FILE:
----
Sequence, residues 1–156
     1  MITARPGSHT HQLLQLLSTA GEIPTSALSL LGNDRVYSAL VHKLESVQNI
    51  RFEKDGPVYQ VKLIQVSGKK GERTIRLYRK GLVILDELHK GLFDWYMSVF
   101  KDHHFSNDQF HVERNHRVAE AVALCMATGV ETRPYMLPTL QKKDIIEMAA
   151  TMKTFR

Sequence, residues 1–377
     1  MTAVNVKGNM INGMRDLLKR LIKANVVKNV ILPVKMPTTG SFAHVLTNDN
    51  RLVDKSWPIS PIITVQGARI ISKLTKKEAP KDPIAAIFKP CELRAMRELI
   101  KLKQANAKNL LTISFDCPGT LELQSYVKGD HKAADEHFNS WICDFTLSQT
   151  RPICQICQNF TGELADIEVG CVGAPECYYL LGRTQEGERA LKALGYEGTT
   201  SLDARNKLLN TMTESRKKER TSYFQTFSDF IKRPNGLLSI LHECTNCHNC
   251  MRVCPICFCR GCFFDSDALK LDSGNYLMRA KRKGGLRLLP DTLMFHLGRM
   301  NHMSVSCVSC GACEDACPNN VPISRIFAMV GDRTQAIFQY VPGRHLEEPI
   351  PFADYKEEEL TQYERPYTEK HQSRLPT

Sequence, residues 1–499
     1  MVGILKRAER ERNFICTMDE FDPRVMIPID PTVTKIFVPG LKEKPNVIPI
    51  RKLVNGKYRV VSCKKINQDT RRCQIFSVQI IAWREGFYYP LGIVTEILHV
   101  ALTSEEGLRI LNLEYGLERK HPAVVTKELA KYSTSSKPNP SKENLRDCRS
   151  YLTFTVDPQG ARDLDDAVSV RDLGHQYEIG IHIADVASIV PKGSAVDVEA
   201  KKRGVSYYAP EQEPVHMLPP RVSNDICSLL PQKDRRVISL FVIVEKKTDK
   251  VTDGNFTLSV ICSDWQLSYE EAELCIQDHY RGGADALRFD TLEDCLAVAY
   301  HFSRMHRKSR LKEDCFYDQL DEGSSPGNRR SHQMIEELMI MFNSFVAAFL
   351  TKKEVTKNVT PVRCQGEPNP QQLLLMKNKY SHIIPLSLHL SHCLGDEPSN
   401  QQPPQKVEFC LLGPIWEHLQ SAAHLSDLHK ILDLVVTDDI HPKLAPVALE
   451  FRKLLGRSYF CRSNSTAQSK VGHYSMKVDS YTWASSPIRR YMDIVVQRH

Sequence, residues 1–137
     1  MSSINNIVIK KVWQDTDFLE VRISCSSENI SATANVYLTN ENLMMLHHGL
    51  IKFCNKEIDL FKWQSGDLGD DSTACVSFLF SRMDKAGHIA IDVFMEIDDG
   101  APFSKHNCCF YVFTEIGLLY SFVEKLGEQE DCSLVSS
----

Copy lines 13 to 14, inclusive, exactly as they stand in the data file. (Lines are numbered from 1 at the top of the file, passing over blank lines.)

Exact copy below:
   301  NHMSVSCVSC GACEDACPNN VPISRIFAMV GDRTQAIFQY VPGRHLEEPI
   351  PFADYKEEEL TQYERPYTEK HQSRLPT